"Redevelopment is the key to improving quality of life in this area," he says. Losing the elections catapulted Kshirsagar into becoming an SRS developer. After college in 1993, he had also worked on lighting and sound projects for Crompton Greaves with expert civil and electrical engineers. Those contacts came in handy in his new construction foray. Kshirsagar launched APA Infraventure in July 2007 along with Atul Prabhu, an architect. Initial funding came from foreign angel investors, he claims.

For the rest, he plans to approach a nationalised bank. Despite earlier rejections, Kshirsagar now seems optimistic about getting the loan. APA has a land bank of 16 acres in Kurar and acquiring this was the biggest task, he says. The economic slowdown of 2008 temporarily halted his plans, but APA now has six projects for residential high-rise apartments on offer.

This is unusual as most developers tend to develop one or two properties at a time, introducing new projects only after the previous ones earn revenue . "Sanjay thinks big. He decided to concentrate all the resources into all his projects at once," says Rajesh Londhe, senior architect at APA.

NO RESERVATIONS

Historically, SRS has been fraught with political meddling . Slums form large vote banks, and since there's no investment by the Government, politicians are known to go the extra mile in claiming credit for SRS developments. According to the Slum Rehabilitation Authority (SRA) website , Malad East has 14 SRS projects proposed by nine developers.

"There is a heavy density of slums here, making it a lucrative place to develop," says Suresh Bharadkar, a director of Mauli Sai Developers, which introduced SRS projects in Kurar in 2004. Competition for land is intense. "Most of my competitors have used immense political clout to grab land for development," says Kshirsagar.

He himself denies receiving political assistance, insisting that he chose Kurar for emotional reasons. But he does confess to reveringNationalist Congress Party (NCP) chief Sharad Pawar as an inspiration . A large hardbound edition of Pawar's autobiography is propped up right behind Kshirsagar's desk.


"Pawar saheb combines politics and business well," he says. A close associate confirmed later that APA's SRS projects received occasional "support" from the party. Even as his SRS plans are underway , Kshirsagar is diversifying into bottling of drinking water. He recently won franchise rights for Eureka Forbes' upcoming packaged drinking water business. In all this, DICCI has been a helpful forum to build networks and his position in the community, Kshirsagar admits.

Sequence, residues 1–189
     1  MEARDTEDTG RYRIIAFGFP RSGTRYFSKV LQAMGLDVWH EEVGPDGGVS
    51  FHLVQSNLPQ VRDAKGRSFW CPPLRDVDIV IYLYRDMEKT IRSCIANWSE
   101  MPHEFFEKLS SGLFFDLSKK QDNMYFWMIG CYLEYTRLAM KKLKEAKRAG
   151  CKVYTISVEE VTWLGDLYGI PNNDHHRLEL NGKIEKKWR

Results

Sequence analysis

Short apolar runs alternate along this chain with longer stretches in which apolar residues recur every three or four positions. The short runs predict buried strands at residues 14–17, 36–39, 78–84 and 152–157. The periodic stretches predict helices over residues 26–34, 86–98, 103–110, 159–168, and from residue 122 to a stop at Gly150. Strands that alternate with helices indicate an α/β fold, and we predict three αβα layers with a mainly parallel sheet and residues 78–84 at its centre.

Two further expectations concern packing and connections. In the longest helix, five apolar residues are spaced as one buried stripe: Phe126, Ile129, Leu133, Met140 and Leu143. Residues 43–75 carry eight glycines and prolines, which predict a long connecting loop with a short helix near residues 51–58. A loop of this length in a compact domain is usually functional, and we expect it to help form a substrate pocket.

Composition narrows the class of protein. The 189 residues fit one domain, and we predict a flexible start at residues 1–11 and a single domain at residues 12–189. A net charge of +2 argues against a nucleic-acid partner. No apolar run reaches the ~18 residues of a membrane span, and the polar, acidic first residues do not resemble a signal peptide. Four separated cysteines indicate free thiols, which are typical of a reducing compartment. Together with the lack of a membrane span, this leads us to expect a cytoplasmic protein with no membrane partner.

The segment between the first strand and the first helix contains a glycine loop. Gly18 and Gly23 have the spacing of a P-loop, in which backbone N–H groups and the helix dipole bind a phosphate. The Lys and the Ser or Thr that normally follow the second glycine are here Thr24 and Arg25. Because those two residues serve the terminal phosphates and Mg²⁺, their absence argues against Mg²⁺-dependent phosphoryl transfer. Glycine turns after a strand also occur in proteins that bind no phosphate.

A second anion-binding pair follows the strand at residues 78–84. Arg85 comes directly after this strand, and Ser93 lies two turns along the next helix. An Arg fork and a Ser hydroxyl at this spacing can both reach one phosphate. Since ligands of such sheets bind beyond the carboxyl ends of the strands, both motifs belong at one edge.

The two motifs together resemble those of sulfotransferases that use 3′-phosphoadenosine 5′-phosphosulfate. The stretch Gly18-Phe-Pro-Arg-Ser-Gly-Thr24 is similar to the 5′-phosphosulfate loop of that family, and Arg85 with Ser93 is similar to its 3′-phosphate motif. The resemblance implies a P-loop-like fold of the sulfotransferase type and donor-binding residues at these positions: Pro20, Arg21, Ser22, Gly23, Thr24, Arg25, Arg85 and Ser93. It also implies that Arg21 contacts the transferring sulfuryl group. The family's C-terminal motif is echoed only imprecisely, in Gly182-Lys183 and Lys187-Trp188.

"Successful entrepreneurs , who have made it big, seldom talk humbly. In DICCI, you can talk to them as equals," he says, referring rather tacitly to the elitist nature of leading industry bodies in India. Ever mindful of his humble origins , Kshirsagar ensures his 125 employees are well taken care of. That includes serving them lunch everyday.

"They all travel a lot to come here. As they start early, many of them cannot get tiffins," he reasons. For the locals , Kshirsagar has also set up the Martand Bhairav Patpedhi, a co-operative credit society, and Indira Mahila Bachat, a womenonly savings scheme. In addition , he runs many small businesses in Kokanipada such as laundry, travel and security services where he employs locals.

Asked about reservation for dalits, Kshirsagar says only the needy should avail of it. "I will never allow my kids to apply through the SC/ST quota. Like me, they should fight it out in a fair manner," he says. It's time for lunch and Kshirsagar's wife waits impatiently outside to serve him his home-cooked meal. Stepping out, he washes his hands from a small bottle of water on to a patch of soil. Glancing across the locality he grew up in, Kshirsagar reveals that his mother's dream apartment building will get completed soon. A penthouse, it's coming up right where their old chawl once stood. The building has been christened, rather aptly , 'heaven' . The sense of liberation is almost complete.

A brief profile:

Sanjay Kshirsagar Sound Concepts; APA Infraventure

BUSINESS : Sound systems, construction

YEAR OF STARTING : 1996 (Sound Concepts); 2007 (APA Infraventure)

REVENUES : Rs 1 cr (Sound Concepts); Rs 100 cr expected for APA Infraventure after 5 yrs

EMPLOYEES : 125

Source: Economic Times